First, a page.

Mike Jackson's blog
Free pizza, prizes and research software best practice: Collaborations Workshop 2015... Registration open!Author: Mike Jackson
Posted: 13 Feb 2015 | 12:45
CW15 focuses on software, best practice and the social side of working past the boundaries of traditional disciplines and roles to accelerate research outcomes. Or, put differently, interdisciplinarity done right!
Posted: 8 Jan 2015 | 11:53
EPCC helped lead the way in creating the standardised Message-Passing Interface (MPI) programming system to enable faster, more powerful, problem solving using parallel computing. It is now the ubiquitous de-facto standard among both hardware and software vendors.
Posted: 16 Dec 2014 | 11:27
In 2013, the DiRAC consortium rolled out the DiRAC driving licence, a software skills aptitude test for researchers wanting to use DiRAC's high-performance computing resources. Now ARCHER, the UK National Supercomputing Service, is to roll out an ARCHER driving test.
Despite their similar names, these tests differ in nature, intent, scale and reward. In this post, EPCC's Mike Jackson, Andrew Turner and Clair Barrass compare and contrast these two supercomputer tests.
Posted: 11 Dec 2014 | 12:24
Last week EPCC's ARCHER training team ran another Software Carpentry workshop here in Edinburgh, on 3rd and 4th of December. The workshop provided attendees with an introduction to version control and Git, building programs with Python, automating tasks with Make, and how (and how much) to test programs. These were set within the context of best practices for scientific computing.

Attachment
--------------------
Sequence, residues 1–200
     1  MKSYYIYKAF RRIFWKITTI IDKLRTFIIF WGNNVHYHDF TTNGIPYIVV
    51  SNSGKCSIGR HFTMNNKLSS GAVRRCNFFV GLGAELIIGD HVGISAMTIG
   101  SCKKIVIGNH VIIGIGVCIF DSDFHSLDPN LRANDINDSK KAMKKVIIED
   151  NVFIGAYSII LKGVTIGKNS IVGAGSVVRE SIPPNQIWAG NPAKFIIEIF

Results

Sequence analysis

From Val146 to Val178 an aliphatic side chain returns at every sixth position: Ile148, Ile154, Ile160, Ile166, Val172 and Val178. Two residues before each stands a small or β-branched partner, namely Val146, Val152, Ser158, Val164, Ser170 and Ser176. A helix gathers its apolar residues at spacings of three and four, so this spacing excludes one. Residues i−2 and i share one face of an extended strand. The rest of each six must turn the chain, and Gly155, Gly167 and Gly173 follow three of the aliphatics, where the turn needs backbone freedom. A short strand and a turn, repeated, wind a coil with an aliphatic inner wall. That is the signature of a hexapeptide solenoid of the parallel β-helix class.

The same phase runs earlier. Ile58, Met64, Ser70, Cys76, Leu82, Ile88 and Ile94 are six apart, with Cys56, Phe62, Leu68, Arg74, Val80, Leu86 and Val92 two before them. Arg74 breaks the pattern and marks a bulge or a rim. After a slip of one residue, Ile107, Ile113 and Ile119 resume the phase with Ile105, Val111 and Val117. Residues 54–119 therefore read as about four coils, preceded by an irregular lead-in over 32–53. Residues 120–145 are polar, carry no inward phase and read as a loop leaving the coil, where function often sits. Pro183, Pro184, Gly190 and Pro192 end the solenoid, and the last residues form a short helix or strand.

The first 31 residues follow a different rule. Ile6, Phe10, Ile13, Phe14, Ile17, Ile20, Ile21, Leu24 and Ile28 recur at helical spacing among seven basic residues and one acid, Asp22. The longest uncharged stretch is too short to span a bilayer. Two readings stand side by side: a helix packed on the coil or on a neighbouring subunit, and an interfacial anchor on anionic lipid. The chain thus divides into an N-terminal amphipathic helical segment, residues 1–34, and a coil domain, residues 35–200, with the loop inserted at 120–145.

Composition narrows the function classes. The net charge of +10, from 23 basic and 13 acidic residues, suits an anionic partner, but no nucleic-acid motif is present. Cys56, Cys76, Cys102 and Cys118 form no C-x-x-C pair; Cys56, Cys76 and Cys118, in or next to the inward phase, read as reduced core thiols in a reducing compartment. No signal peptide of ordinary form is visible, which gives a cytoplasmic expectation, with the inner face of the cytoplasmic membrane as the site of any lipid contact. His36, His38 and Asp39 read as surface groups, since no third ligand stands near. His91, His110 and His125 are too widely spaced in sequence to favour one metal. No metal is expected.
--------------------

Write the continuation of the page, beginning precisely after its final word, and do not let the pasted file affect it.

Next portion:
Posted: 7 Oct 2014 | 13:14
Posted: 9 Jul 2014 | 12:04
ARCHER, the UK's national supercomputing service, offers training in software development and high-performance computing to scientists and researchers across the UK. As part of our training service EPCC is running a two-day Software Carpentry boot camp at Imperial College London, UK, on 16-17 September.
Posted: 30 May 2014 | 15:03
ARCHER, the UK's new national supercomputing service, offers training in software development and high-performance computing to scientists and researchers across the UK. As part of our training service EPCC is running a three-day Software Carpentry boot camp and Introduction to Scientific Programming in Python at Cranfield University, UK, on 21-23 July.
Posted: 28 Apr 2014 | 16:20
Mathematical modelling of complex fluid flows has practical application within many industrial sectors including energy, the environment and health. Flow modelling can include oil and gas flows in long-distance pipelines or refinery distillation columns, liquid cooling of micro-electronic devices, carbon capture and cleaning processes, water treatment plants, blood flows in arteries, and enzyme interactions. Multi-phase flow modelling models flows consisting of gases, fluids and solids within a single system eg steam and water, or oil and gas within a pipe, or coal dust in the air.
Posted: 7 Apr 2014 | 07:33
Michael Chappell leads the Quantitative Biomedical Inference (QuBIc) research group within the Institute of Biomedical Engineering at the University of Oxford. Michael has developed a method of processing functional magnetic resonance image (MRI) data that can be used to recognise blood flow patterns in the brain. I have been helping Michael through one of The Software Sustainability Institute's consultancy projects, which he applied for through the Institute's open call. Part of our collaboration looked at issues around integrating Subversion or Git repositories with CVS.
Posted: 13 Mar 2014 | 15:07
LabBook is a mobile app and online service that allows users to securely record and share their experiment notes. LabBook's developers - Mark Woodbridge, Geraint Barton and Derek Huntley of Imperial College London's Bioinformatics Support Service - asked The Software Sustainability Institute for consultancy as part of the Institute's open call.
I've been working with them to provide advice on the LabBook software, how it is developed, and how it can be moved towards an open source product.